There are some secrets to great ice cream. It doesn’t have to be complicated or difficult, but having the right ingredients, technique and equipment can go a long way toward success. Here are 5 tips for creamy ice cream every time and a recipe for my family’s favorite strawberry sour cream ice cream.
Last week I did a post on the tricks to creating Sorbet and it got me thinking about ice cream. I always tend to make a big batch and then mash other ingredients into it. This way I can tailor the flavor to the dessert I am serving it with or the mood I am in. You have to start with a really great base, which for me means lusciously smooth, with a dense and silky texture. The flavor should be rich, but not too buttery (greasy) and I always start my “French custard” ice cream base with vanilla, there really isn’t a flavor that it doesn’t compliment.
When the first frozen dessert was created by the ancient Chinese, it was just a mixture of fruity syrups and snow, basically a sorbet. Not until the 18th century in England did you find the first ice cream made with milk, cream and eggs, no snow. Today homemade ice cream is still made this simple way. The secret to getting the perfect texture and flavor is not only the ingredients, but the technique of creating a custard and then freezing it. You want to cook the cream, yolks, sugar and vanilla until the eggs thicken slightly, known as creme anglaise (English cream), and then chill the mixture overnight in the refrigerator, about 6 to 12 hours. This last step is a bit of a mystery, but it works to create the best mouth feel. I have heard the overnight chill described as “maturing,” “ripening,” or “aging.” You get the picture, it gets better with age. I find when I do this extra step my ice cream is smooth and less ice crystals form. The way big manufacturers get past this step is to add gums, starches, or gelatin. I’d rather not, so I just wait.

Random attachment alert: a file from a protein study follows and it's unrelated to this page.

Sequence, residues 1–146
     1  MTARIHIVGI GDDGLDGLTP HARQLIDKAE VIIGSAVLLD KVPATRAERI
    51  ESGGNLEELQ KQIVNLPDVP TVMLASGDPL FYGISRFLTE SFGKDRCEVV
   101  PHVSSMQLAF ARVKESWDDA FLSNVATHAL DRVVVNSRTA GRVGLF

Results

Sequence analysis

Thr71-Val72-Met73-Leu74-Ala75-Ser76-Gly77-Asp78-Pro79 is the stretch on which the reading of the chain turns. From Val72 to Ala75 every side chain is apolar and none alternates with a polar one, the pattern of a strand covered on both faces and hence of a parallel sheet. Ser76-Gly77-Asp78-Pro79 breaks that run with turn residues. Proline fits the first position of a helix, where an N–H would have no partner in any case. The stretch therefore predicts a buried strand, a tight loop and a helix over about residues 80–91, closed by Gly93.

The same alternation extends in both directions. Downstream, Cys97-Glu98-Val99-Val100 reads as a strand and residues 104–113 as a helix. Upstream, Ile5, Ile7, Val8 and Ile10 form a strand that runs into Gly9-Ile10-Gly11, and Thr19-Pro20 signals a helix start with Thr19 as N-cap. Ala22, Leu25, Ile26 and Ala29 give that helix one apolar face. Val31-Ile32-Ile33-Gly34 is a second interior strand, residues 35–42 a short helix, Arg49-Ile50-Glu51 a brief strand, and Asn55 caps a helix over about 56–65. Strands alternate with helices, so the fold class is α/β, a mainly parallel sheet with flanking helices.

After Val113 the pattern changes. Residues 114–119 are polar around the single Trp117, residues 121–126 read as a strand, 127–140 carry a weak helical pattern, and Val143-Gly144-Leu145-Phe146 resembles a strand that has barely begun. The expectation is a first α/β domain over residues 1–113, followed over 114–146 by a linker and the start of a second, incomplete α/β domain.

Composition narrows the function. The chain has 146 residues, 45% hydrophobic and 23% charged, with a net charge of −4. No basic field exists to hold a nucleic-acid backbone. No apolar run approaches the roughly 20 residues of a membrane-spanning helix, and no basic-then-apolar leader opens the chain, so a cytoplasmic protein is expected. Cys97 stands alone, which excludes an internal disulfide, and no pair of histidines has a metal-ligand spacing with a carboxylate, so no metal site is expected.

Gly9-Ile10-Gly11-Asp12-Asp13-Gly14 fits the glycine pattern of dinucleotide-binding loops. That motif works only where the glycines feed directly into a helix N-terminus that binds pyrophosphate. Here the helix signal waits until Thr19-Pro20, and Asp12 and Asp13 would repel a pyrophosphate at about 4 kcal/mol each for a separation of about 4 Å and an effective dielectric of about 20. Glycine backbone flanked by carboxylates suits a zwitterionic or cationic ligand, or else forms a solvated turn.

Once you have the base, you can freeze it as vanilla ice cream or add other flavors. For this recipe I am adding roasted bananas, which I just used in a banana bread post I wrote for the Cooking Channel. Roasting the fruit not only concentrates the sugars, but it also expels some of the water in the bananas, which can cause the ice cream to be icy. I don’t stop there, I also mash in toasted maple-pecans, brandied cherries and chocolate ganache into the roasted banana ice cream, for a total of 4 flavors. What can I say, I like variety! Read More